The Carillon, Vol. 52, Issue 13 | Dec. 4, 2009 – Jan. 13, 2010
The Regina Hotels Association (RHA) has offered to pay $10 million over 15 years towards the construction of a proposed dome stadium in Regina. While this represents less than three per cent of the project’s estimated $350 million price tag, proponents say that this is a solid step in the right direction.
“A larger facility, with increased capacity, would competitively position our city as a more desirable destination to those who host a range of national sporting, arts and culture, convention and entertainment events – all year round,” Tracy Fahlman, CEO of the RHA, claimed in a recent press release.
The RHA, a private-sector 17-member association of Regina hotels, added a “destination marketing fee” to their room rates in 2006, which has raised $3.5 million since then. According to the press release, “the sole intent of this fee is to build a fund that is used to encourage out-of-town visitation growth, promote Regina as a conference, leisure and special event destination, and ultimately, generate a return on investment for member hotels.” The fund is then budgeted and distributed to support marketing Regina as a tourist destination, with the ultimate goal of encouraging overnight hotel stays. The RHA’s offer to commit a portion of this fund over a 15-year period will amount to committing roughly 60 per cent of the fund’s revenues during that time.
Mosaic Stadium, the current home of the Saskatchewan Roughriders and venue for various sports events, is crumbling. Fully refurbishing Mosaic would cost $109 million, while building another open-air stadium would cost $190 million. A multi-use facility, with a retractable dome roof, would cost at least $350 million. The dome stadium debate has largely centred on the question of the economic benefits of all-weather use. Advocates, such as Mayor Pat Fiacco and Roughriders chairman Rob Pletch, have argued that a multi-use facility would boost tourism year-round. Opponents, such as Lee Harding of the Canadian Taxpayers Federation, have accused the project of being a white elephant, which would put the province in debt and fail to boost the economy.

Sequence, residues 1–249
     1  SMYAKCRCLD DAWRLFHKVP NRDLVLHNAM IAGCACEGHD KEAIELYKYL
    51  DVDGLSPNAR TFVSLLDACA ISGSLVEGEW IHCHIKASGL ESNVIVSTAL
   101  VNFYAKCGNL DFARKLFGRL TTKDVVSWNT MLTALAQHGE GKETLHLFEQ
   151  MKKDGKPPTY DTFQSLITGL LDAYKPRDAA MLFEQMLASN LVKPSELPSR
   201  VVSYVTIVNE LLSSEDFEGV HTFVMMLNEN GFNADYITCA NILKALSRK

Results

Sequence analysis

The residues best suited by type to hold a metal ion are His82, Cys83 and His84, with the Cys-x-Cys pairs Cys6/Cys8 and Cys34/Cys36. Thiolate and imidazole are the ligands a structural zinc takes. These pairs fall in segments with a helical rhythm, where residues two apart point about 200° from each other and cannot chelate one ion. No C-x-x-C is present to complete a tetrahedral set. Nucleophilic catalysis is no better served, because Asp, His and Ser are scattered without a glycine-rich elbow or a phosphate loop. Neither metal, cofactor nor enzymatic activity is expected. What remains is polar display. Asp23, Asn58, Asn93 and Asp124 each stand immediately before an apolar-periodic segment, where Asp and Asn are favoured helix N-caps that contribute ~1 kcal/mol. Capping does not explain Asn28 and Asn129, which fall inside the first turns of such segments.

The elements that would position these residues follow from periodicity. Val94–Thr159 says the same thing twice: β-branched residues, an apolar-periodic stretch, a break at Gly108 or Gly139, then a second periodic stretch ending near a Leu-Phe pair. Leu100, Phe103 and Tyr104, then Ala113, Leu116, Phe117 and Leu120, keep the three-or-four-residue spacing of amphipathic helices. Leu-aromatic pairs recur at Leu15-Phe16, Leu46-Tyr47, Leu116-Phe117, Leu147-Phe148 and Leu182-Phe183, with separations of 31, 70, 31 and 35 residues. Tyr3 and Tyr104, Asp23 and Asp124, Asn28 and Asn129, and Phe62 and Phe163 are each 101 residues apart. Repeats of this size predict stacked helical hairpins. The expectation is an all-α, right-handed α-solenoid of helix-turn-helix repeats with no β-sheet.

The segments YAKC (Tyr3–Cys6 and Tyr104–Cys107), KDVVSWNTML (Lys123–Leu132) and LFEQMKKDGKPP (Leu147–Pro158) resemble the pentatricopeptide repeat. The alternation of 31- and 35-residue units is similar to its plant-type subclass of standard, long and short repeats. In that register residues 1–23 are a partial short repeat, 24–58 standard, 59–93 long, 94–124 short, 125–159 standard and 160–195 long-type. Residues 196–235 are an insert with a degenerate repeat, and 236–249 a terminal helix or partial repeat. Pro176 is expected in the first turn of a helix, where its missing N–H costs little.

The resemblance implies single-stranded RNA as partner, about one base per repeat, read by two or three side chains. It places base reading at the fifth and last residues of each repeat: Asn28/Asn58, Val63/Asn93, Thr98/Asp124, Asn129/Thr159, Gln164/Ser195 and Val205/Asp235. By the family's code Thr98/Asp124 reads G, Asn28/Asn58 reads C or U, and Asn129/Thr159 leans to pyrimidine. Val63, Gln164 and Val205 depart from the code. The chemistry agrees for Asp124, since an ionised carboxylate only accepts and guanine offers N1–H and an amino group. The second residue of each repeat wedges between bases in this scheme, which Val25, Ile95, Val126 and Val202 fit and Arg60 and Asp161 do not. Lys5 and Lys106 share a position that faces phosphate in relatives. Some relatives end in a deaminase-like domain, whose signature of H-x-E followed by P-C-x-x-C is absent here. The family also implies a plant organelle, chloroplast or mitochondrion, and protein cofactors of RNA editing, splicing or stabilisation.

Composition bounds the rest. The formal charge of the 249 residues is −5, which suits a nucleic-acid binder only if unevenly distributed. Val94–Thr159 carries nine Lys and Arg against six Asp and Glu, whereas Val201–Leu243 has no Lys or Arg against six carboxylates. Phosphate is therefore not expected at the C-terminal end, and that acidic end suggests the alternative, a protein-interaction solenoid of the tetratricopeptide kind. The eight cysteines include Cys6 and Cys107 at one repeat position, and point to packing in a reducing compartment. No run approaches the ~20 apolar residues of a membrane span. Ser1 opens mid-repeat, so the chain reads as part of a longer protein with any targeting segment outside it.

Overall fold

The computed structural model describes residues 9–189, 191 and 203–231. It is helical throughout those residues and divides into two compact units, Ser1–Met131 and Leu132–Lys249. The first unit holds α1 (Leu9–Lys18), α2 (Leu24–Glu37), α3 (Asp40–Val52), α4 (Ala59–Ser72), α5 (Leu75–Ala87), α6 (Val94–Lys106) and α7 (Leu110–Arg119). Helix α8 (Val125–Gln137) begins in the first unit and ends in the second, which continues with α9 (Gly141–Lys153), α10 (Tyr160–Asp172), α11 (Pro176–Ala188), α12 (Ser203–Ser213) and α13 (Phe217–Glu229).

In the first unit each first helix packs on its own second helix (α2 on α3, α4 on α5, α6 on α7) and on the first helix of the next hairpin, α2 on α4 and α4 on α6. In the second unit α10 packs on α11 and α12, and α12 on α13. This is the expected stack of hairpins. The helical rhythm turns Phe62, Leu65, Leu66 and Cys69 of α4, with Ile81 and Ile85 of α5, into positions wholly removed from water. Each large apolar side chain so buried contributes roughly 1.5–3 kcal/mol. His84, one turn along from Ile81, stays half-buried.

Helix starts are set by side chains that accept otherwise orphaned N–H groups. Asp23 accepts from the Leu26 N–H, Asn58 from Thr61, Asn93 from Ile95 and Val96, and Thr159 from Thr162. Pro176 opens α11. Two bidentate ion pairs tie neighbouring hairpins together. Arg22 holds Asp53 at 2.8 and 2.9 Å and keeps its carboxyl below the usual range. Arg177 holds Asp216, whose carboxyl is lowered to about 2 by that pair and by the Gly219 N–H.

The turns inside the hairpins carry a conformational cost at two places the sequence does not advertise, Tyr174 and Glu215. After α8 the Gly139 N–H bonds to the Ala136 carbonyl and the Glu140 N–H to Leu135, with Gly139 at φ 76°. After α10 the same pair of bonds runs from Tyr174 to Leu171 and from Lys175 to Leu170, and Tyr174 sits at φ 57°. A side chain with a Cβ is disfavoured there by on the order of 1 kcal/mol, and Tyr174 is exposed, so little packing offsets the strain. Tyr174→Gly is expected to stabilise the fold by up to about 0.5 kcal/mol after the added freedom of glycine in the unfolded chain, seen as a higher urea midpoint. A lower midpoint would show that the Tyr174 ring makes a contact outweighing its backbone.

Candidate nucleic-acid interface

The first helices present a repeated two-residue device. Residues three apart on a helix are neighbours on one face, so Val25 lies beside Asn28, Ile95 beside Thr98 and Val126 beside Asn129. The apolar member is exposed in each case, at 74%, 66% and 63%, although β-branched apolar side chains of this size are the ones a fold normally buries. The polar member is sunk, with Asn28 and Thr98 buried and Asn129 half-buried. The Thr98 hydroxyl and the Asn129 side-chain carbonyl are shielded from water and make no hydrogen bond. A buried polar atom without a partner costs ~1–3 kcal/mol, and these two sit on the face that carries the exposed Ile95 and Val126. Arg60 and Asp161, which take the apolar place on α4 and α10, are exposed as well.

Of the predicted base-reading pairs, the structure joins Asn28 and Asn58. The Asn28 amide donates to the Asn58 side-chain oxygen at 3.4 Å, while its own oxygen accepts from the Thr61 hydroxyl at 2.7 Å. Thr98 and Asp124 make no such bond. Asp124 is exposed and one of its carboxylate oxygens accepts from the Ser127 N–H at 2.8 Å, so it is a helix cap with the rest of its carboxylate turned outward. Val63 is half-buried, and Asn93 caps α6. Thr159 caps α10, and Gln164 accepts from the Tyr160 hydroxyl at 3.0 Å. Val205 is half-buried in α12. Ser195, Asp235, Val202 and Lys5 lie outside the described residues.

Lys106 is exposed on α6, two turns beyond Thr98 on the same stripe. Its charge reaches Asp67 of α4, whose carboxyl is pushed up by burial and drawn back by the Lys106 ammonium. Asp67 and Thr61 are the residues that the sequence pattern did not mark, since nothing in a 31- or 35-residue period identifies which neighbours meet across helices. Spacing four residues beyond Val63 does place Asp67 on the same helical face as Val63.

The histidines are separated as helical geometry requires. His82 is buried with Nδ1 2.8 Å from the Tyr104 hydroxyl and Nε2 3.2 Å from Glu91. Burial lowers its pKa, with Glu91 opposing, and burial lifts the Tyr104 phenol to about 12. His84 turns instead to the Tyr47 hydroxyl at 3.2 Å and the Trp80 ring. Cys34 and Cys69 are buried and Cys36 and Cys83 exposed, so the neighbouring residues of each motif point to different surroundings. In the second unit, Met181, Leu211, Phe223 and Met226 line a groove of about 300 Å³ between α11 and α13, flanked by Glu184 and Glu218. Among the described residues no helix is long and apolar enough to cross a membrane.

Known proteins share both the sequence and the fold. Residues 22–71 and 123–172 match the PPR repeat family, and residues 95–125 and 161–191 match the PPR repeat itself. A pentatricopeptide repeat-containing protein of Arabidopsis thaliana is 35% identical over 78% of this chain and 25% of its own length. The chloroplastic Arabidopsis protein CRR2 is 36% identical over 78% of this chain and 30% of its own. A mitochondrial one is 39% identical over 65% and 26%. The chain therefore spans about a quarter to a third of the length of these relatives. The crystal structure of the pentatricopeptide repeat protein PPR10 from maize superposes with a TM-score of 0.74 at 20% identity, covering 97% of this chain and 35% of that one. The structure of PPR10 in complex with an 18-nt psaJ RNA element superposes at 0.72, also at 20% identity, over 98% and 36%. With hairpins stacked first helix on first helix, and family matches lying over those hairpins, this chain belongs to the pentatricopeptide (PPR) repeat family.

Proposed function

Perhaps nothing can be certain in the dome stadium debate until the construction feasibility study is completed in January 2010. However, the timing of Fahlman’s announcement seems likely to frame the debate as to whether or not the stadium would be affordable, and may act as an incentive for other areas of the private sector to step forward with similar offers. Mayor Fiacco seemed to express this sentiment when he spoke at the news conference after Fahlman’s announcement: “For this project to be a success, it must be supported by the private sector and not just by the three levels of government.”
Michael Huber, the executive director of the Regina Downtown Business Improvement District (BID), agrees with this approach. Huber and the Downtown BID have followed the stadium issue with cautious optimism since its proposal, and Huber spoke with the Carillon about this latest development. “On any of these projects,” he said, “you want the private sector to step up as much as possible or else the burden gets left to the taxpayers … You want to have some private stake in there, but the thing is that we really want to wait until the feasibility study.
“$10 million is a small percentage of $350 million, but what it does do is it sets a bit of a precedent and it shows that there is some involvement,” he said, arguing that the hotels association is “trying to create a snowball effect” by encouraging other businesses to come forward with financial support.
How funding should be distributed between the public and private sectors will likely remain a bone of contention. As Lee Harding told the Leader-Post earlier this month, “If there’s one contribution of $10 million, that’s great. We only need another 34.” There also remain questions of whether a dome stadium would be good for all Reginans, or just particular private interests. Unfortunately, the hotel association did not respond to requests for an interview.
Whether one agrees or disagrees with constructing a $350 million multi-use facility in Regina, it seems that the project is closer to being financially possible.